The Defence Analytical Services and Advice (DASA) organisation recorded 27 disease related deaths and 1235 major and serious injuries and illnesses (437 per 100,000 personnel) in the year 2009-10. The majority (88%) of the injuries and illnesses were experienced by the Army and rates across all three services have soared over the last decade with the Army again experiencing the largest increase. This, the Ministry of Defence attributes to improved awareness of health and safety in the workplace resulting in incidences of injury and illness being reported when before they wouldn’t have been recorded. The proportion of illness to injury was not indicated in the top level data although accompanying statistics indicated that by far the higher percentage of the total for injuries and illnesses was comprised of injuries.
It is only when we turn to the study carried out by the American National Institute of Health (NIH) between 2005 and 2009 at one military hospital in the Midlands, that looked at ‘British military personnel hospitalised due to infectious disease’ that information about where the diseases were contracted and what diseases they were is made apparent. The study also brings into sharp focus the extent to which illness and disease deprive the military of experienced and, in these days of cut backs, desperately need personnel for considerable periods of time.
The sample comprised 138 service personnel, 95% of which were male and 71% of whom were from the Army. 38% of the sample had been infected in Afghanistan, 14% in Belize and the majority of the rest during operational postings outside of the UK. 45% of them had been hospitalised with dermatological conditions such as Cutaneous Leishmaniasis (27%) and 29% with conditions collectively categorised as ‘undifferentiated febrile illnesses’, resulting from amongst other diseases Sand-fly fever and Q fever.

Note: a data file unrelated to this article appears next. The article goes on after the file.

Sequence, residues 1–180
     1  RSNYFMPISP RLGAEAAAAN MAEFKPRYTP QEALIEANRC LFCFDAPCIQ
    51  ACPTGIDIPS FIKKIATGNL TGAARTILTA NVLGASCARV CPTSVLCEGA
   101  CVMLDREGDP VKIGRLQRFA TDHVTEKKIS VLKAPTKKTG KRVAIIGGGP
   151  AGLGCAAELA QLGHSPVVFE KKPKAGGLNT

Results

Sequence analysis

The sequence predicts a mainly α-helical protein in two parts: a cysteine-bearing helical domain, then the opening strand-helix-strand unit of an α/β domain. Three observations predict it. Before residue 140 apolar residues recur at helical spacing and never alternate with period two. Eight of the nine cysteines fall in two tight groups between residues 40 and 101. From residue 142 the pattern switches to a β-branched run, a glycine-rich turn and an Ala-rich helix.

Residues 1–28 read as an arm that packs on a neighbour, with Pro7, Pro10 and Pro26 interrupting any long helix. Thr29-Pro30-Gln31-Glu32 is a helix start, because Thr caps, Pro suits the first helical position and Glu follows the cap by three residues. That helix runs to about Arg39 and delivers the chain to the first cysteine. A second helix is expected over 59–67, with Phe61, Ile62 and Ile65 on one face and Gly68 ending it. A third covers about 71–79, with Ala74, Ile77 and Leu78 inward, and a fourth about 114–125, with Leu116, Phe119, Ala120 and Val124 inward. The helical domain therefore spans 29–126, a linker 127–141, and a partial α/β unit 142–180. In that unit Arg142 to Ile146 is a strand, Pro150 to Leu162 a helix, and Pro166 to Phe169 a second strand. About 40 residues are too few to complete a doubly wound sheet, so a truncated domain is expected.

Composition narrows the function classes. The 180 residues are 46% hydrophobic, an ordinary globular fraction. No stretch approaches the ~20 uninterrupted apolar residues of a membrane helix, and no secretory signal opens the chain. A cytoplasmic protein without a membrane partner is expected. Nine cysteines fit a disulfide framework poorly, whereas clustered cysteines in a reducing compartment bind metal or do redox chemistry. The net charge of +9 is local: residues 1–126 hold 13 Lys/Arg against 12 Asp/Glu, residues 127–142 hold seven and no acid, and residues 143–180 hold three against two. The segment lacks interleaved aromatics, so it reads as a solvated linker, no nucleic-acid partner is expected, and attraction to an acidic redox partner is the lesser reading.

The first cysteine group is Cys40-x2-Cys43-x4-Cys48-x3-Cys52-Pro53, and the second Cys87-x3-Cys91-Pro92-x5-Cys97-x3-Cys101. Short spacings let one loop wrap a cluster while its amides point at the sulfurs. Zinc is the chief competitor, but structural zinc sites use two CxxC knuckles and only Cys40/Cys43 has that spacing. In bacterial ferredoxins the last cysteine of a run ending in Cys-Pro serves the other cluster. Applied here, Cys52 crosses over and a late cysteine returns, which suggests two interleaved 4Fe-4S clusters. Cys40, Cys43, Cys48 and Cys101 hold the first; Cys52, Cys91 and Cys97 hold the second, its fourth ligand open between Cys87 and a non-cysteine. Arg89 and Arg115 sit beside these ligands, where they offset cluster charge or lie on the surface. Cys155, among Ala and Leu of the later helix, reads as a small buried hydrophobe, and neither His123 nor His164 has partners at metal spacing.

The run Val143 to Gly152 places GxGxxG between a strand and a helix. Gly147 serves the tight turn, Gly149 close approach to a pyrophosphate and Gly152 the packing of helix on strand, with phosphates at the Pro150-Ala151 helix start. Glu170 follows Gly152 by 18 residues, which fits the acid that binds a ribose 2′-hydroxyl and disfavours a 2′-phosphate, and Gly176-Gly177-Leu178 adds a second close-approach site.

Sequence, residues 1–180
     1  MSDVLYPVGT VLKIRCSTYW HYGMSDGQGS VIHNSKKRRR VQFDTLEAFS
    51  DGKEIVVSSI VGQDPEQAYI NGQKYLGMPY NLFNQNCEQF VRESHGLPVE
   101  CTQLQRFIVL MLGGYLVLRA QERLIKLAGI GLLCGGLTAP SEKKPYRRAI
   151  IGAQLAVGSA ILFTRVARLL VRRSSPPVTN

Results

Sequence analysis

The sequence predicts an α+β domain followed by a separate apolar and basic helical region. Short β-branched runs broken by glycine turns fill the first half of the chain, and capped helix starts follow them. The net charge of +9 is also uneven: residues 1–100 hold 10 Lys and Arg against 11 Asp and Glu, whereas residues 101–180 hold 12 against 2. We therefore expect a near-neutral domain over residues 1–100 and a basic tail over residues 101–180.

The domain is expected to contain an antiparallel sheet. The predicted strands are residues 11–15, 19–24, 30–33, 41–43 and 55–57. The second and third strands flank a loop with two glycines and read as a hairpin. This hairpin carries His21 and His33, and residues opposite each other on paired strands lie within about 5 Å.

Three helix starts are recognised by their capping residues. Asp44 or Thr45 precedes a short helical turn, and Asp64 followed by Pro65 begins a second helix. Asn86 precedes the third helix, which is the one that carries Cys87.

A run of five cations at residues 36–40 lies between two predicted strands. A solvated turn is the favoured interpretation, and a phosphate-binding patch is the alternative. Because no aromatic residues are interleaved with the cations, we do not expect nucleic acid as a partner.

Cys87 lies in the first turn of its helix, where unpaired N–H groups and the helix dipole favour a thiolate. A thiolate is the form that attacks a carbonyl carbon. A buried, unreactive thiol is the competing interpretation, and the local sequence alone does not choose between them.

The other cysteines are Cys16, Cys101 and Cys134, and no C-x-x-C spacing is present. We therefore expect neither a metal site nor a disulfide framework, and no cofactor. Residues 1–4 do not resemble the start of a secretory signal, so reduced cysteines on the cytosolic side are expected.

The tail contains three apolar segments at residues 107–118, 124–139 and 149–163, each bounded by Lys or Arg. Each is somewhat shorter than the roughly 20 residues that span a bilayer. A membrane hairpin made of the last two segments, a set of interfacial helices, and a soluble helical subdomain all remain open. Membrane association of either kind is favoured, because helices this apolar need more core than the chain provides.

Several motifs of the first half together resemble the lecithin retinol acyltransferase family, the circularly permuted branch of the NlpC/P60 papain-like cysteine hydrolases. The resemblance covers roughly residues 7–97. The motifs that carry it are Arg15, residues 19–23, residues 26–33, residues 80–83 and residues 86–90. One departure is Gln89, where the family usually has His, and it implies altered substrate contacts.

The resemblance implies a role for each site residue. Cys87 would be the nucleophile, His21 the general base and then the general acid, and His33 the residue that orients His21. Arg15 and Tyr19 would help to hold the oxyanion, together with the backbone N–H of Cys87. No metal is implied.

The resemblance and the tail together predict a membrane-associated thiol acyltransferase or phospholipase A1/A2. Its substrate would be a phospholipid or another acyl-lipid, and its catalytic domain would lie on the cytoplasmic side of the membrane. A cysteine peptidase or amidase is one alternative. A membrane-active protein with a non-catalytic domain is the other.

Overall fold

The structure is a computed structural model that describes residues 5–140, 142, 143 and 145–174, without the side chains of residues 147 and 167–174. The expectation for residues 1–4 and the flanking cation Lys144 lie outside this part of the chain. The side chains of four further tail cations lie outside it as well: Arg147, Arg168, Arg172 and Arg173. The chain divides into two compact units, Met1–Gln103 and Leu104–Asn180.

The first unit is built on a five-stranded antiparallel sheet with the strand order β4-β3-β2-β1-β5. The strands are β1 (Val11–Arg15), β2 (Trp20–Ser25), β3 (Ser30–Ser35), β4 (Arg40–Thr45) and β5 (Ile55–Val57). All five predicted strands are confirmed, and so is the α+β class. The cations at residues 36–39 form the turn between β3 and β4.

From the point of view of the operational efficiency of the Armed Forces, the most concerning statistic concerned the length of time the infected service personnel had to take off duty to recover from their illnesses. For those hospitalised for on average three days, an average twenty further days had to be taken off duty to recover. For those who attended the hospital as out-patients on an average of just one occasion, the recovery period before returning to duty averaged out at twenty two days.
It can be imagined that if the study’s findings on days lost to disease and illness were extrapolated to encompass the entire military, the bottom line figure would not make happy reading for the Secretary of State for Defence. The service personnel who were infected and made ill are, of course, all too aware of the personal costs to themselves.
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